Big telcos to take spectrum bait
BIG mobile carriers are throwing their hats into the ring for the coming spectrum auction. This is despite their boycott threat last year after the federal government announced a higher than expected reserve price for the sale, expected to net billions of dollars.
Optus and Vodafone, the nation's second and third largest carriers, said last year the reserve price for the spectrum that underpinned mobile networks was too expensive and threatened to pull out of the auction.
However, all three carriers confirmed on Wednesday they would formally lodge their applications before registration closed at midnight on Thursday, but they declined to reveal further details about their bids.
"We intend to lodge an application to participate in the upcoming spectrum auction" Telstra said, but declined to provide any details.
However, it is widely believed the cashed-up Telstra will bid for both 720 megahertz, used in high-speed 4G networks, and 2.5Ghz, used in wireless broadband.
Optus declined to comment but its chief executive, Kevin Russell, has previously said the telco would take part in the formal process and also look at alternatives such as building more base stations and sharing sites with Vodafone.
Vodafone, which has struggled with network problems, reaffirmed on Wednesday that it while may purchase spectrum at 2.5 GHz, it would would not participate in the prized 720 Mhz spectrum auction. The lower frequency is used in 4G networks.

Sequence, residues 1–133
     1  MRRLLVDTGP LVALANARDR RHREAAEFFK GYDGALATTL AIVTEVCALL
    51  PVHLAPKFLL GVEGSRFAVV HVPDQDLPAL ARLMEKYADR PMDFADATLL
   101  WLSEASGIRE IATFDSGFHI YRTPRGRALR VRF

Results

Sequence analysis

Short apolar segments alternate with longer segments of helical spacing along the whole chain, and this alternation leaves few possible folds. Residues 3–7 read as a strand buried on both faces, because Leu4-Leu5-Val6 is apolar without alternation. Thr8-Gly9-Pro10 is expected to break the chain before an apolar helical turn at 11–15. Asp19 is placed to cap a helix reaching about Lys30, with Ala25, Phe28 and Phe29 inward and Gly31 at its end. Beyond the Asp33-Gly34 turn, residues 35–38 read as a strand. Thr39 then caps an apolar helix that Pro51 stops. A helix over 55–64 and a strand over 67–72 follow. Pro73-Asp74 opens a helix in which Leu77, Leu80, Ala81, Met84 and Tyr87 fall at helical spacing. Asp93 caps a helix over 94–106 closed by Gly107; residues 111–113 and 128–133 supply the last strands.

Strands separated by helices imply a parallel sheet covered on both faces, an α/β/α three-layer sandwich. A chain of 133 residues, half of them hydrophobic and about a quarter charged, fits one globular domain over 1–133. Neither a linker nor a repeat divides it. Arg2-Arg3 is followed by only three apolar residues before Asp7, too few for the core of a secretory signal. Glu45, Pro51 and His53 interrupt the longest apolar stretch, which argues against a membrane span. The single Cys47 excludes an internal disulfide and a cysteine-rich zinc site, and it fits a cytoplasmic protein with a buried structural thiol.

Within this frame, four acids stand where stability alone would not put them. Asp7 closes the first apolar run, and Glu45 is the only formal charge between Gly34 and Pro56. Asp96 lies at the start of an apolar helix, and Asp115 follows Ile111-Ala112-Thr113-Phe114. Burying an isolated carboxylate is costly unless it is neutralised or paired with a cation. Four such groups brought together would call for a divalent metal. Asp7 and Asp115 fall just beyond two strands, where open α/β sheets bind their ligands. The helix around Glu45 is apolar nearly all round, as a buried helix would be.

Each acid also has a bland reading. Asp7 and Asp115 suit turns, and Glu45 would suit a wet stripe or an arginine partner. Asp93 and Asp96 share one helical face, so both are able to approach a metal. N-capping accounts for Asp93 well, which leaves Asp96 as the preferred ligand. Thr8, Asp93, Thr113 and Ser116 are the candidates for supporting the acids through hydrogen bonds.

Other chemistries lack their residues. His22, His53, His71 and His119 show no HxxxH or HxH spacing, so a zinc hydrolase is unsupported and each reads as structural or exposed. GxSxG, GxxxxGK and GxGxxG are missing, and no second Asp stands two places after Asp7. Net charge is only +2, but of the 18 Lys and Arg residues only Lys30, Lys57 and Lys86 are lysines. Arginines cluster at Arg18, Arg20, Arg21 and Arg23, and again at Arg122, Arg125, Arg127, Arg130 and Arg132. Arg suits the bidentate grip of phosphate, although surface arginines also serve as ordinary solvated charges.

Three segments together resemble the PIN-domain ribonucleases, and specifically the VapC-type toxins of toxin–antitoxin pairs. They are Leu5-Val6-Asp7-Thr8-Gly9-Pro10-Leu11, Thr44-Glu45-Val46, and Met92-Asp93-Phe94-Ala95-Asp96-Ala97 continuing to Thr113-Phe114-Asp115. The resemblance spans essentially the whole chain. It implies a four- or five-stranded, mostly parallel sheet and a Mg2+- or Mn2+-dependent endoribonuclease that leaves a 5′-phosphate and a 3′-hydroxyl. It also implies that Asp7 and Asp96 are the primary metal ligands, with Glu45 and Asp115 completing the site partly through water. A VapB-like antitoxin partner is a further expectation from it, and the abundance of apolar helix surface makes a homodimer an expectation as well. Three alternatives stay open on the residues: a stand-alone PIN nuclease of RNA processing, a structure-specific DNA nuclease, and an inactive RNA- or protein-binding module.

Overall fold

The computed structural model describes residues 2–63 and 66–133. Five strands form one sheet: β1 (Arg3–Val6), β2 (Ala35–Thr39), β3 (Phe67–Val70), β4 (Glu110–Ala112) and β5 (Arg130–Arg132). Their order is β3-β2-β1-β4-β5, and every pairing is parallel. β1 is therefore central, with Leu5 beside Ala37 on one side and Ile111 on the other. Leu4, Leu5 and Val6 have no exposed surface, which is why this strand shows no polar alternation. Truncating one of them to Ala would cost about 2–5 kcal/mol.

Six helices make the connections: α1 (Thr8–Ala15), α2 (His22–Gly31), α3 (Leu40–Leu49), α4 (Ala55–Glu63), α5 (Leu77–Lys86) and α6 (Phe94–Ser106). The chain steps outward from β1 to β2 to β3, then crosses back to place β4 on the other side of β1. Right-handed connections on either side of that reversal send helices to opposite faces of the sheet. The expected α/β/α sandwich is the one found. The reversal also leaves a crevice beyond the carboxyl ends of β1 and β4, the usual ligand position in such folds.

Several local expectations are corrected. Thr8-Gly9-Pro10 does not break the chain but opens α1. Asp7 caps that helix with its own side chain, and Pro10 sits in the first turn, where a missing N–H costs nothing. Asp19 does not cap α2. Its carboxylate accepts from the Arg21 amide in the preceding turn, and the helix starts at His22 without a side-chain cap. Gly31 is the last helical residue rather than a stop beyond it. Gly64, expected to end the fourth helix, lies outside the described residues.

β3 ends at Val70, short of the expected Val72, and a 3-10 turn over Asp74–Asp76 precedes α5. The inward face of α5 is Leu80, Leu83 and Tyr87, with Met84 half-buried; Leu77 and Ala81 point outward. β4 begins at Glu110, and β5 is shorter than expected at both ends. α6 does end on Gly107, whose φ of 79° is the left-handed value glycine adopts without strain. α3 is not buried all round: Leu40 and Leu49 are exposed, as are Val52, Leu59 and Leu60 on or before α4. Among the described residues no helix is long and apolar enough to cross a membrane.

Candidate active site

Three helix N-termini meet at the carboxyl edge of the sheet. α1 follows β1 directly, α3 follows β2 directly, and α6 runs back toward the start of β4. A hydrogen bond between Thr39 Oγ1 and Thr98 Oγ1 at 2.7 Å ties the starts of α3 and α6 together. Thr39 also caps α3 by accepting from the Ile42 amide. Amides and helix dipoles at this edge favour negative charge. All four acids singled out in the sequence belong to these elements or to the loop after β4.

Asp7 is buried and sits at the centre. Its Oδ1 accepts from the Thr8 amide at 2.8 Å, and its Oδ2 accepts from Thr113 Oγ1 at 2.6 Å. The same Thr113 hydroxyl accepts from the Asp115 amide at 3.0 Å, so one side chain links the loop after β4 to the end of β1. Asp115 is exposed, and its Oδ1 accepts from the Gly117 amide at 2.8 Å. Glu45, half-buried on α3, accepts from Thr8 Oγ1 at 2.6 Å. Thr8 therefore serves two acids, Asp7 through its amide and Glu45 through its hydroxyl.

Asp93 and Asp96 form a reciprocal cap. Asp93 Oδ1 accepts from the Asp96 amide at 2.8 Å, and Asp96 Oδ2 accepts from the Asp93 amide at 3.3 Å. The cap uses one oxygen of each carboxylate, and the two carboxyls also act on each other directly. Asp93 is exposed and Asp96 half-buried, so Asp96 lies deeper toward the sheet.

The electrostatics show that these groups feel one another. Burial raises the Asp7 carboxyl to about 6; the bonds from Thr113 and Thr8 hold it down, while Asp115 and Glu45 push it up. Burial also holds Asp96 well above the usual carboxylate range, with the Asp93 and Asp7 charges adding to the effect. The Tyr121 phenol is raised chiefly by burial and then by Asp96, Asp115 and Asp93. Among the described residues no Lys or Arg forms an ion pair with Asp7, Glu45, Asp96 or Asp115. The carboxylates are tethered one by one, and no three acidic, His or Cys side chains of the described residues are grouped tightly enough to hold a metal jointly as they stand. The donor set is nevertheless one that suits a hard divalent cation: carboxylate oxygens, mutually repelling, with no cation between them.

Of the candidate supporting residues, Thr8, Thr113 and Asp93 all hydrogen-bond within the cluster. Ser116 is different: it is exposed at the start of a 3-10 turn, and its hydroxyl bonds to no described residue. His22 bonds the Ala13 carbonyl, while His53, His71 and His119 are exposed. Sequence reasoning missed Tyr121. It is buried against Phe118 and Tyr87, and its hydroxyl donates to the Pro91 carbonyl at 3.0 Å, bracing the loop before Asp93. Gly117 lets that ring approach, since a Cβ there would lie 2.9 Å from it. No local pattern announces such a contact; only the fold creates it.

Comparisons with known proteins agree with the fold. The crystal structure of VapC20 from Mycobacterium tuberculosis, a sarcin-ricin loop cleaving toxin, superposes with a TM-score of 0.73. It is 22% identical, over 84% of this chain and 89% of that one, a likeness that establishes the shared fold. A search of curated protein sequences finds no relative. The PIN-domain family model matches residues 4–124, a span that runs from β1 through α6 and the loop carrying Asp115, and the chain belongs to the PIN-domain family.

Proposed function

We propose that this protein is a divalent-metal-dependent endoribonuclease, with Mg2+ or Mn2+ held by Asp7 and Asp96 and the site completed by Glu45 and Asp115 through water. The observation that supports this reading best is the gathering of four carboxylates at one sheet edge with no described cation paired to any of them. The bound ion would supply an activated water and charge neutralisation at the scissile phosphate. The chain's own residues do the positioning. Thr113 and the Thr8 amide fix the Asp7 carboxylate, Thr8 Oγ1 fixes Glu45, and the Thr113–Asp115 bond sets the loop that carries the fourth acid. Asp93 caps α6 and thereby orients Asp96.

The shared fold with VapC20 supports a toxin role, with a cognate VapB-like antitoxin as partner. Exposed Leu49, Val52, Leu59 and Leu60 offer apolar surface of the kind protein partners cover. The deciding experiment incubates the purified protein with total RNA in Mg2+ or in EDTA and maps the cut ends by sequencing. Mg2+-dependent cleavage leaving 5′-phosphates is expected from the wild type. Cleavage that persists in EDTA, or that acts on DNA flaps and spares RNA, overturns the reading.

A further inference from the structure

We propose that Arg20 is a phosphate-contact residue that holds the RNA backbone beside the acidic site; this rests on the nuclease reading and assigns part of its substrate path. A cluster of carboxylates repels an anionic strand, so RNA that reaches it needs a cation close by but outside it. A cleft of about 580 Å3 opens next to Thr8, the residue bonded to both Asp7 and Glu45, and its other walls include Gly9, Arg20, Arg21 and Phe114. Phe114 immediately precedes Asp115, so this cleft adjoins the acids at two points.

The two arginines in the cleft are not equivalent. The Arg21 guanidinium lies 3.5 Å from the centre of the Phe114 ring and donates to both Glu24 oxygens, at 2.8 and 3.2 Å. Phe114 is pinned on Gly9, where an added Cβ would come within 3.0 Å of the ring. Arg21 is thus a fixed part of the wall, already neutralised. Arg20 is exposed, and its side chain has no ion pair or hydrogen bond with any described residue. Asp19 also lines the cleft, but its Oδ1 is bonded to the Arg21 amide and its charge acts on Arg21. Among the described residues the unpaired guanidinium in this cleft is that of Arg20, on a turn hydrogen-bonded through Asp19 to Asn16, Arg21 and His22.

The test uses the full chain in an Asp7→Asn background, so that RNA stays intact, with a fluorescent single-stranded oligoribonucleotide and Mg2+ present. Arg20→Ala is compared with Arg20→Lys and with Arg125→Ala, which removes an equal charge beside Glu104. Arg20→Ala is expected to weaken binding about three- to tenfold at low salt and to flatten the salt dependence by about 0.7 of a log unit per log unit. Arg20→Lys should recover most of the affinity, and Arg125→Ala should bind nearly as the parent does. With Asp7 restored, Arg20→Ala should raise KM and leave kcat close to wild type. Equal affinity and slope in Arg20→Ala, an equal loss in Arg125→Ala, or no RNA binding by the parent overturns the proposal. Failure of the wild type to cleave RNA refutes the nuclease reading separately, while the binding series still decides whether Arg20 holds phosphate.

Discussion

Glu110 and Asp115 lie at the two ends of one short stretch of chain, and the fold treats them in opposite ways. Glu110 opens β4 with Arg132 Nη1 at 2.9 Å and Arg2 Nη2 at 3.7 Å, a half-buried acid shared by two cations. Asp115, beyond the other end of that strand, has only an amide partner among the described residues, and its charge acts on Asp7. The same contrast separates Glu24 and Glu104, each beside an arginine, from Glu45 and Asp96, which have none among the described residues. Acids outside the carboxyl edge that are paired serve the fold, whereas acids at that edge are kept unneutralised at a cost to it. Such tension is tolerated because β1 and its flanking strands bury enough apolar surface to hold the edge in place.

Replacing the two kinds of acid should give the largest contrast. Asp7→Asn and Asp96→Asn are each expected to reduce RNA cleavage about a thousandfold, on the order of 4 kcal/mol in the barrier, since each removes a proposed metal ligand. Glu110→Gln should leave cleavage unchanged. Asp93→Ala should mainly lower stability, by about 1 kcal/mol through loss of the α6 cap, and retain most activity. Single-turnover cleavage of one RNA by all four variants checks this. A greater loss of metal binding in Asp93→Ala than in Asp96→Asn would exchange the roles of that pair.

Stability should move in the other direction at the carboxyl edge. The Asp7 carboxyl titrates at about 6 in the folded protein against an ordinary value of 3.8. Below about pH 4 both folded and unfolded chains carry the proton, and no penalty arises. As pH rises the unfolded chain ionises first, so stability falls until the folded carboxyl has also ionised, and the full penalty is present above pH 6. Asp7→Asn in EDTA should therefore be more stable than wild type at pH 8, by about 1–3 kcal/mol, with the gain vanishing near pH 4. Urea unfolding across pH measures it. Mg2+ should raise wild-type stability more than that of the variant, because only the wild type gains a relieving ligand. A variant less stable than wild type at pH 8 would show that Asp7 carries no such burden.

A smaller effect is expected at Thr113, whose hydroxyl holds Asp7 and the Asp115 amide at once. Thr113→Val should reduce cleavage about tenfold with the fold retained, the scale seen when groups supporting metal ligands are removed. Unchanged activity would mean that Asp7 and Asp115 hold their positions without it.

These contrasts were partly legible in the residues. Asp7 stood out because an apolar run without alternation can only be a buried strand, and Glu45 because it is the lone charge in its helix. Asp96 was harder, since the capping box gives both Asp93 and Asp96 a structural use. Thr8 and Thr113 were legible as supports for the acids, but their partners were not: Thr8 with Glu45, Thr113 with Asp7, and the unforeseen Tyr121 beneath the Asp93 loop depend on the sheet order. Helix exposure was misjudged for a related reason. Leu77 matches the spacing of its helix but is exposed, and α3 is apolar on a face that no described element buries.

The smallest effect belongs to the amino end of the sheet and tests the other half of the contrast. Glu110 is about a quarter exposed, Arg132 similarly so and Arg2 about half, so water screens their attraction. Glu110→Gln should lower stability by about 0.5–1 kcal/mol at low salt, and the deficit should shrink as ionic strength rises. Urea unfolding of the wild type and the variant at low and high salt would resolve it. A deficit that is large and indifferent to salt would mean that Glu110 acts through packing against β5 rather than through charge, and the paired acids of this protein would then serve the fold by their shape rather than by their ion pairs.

A spokeswoman for Vodafone, Karina Keisler, said, "Our focus remains investing in our network so our customers can benefit today and we are very well positioned in spectrum assets for the future.
The Communications Minister, Stephen Conroy, said last year the spectrum was a premium public asset. "This spectrum is seen as the 'waterfront property' of spectrum and the government has made a significant investment to free it up. It is important that we get a reasonable return on this valuable public asset."
However, industry analysts and telco operators said the spectrum was expensive by international standards and this would affect the capital investments of operators.
"High auction costs [combined with renewal fees on existing spectrum they have already agreed to] will erode operators' return on investment ... this will slow down investment in new technology," Nicole McCormick an analyst at Ovum, said.
Analysts at Commonwealth Bank's global market research division estimate the spectrum auction will cost Telstra $2.6 billion and its high capital expenditure is unlikely to be recouped despite higher margins in the mobile business.
"Given Telstra's increasing scale and the level of industry capital investment, we have lifted long-term mobile margins ... however, it remains difficult for us to see how Telstra can achieve a fair return on the huge spectrum costs forecast," the CBA analyst Alice Bennett said.